What? You thought Kansas was flat? Flat is relative—there’re no Smoky Mountains, no Grand Canyon. However, only the Central Prairie is flat, and it gradually slopes toward the high plains, which are punctuated with buttes, chalk formations, and dry canyons. 

 I have two friends who grew up on farms on the Kansas prairie. They both attended one-room schools until eighth grade.
 My friend who lived close to the Oklahoma border says the prairie land there is very flat, and a person can see tornadoes coming for miles, à la Dorothy and Toto.  Wichita, with its plethora of museums and attractions, is the largest city nearby. She loves driving through the Flint Hills on I-35. Every year, she still drives to Winfield to attend the Walnut Valley Bluegrass Festival and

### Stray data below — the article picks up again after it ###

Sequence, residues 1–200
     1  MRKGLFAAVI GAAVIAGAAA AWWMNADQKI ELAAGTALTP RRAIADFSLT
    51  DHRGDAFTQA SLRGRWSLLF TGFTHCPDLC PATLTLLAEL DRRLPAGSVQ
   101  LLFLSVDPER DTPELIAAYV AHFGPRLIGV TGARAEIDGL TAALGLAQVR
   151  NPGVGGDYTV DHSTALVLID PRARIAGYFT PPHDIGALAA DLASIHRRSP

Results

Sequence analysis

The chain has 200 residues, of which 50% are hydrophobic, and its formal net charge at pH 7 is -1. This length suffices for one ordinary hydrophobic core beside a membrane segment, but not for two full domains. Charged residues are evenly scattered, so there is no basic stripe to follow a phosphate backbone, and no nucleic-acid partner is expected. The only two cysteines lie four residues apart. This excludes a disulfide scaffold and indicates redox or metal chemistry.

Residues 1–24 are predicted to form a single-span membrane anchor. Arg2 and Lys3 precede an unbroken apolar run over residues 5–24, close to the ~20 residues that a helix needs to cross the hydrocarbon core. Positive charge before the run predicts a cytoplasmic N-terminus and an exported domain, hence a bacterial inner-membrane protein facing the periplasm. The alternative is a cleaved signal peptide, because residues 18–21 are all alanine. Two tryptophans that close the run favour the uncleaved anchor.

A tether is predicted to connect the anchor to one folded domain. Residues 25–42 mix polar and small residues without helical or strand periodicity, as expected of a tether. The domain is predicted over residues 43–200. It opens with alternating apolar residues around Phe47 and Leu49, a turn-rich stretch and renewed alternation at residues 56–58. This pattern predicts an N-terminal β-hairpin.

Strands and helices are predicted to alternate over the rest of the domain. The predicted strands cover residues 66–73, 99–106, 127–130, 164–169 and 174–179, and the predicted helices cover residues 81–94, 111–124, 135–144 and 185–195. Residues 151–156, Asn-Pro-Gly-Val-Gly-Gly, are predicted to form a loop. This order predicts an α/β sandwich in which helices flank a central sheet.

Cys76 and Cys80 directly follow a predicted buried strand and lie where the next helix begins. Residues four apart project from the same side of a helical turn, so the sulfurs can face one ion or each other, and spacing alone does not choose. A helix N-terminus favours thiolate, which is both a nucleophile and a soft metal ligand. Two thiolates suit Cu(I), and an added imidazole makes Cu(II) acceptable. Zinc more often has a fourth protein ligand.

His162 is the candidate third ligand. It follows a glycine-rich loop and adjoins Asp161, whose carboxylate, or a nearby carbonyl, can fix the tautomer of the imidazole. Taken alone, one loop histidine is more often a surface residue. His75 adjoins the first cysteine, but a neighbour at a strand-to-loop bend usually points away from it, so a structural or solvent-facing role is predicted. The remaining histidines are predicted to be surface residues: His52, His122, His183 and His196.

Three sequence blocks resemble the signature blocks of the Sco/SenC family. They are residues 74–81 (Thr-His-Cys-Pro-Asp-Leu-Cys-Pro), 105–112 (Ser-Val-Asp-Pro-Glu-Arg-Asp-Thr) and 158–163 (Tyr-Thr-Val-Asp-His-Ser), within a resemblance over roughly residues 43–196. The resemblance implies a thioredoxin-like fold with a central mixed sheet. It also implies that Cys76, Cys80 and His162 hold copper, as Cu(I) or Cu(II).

enjoy fiddlers and banjo musicians from around the world.

My other friend lived only six miles from the Nebraska border on productive land which her dad farmed with horses in the early days. At that time, families lived close. With today’s machinery and irrigation methods, fewer farmers are needed for vast acreages. This friend suggests people should travel the secondary roads, such as Highway 36, the Pony Express Highway, and stop off in the small towns, each of which has its Indian museum, statue, cemetery, or
unique wildlife (à la the black squirrels of Marysville.) Be sure to eat at cafés where you see pickups in front.

Camp out in Western Kansas for spectacular stargazing. Travel through the Flint Hills at nightfall in the early spring to witness dramatic controlled burns, which can be seen for miles. Birders, visit Cheyenne Bottoms near Great Bend for a view of the millions of birds soaring over the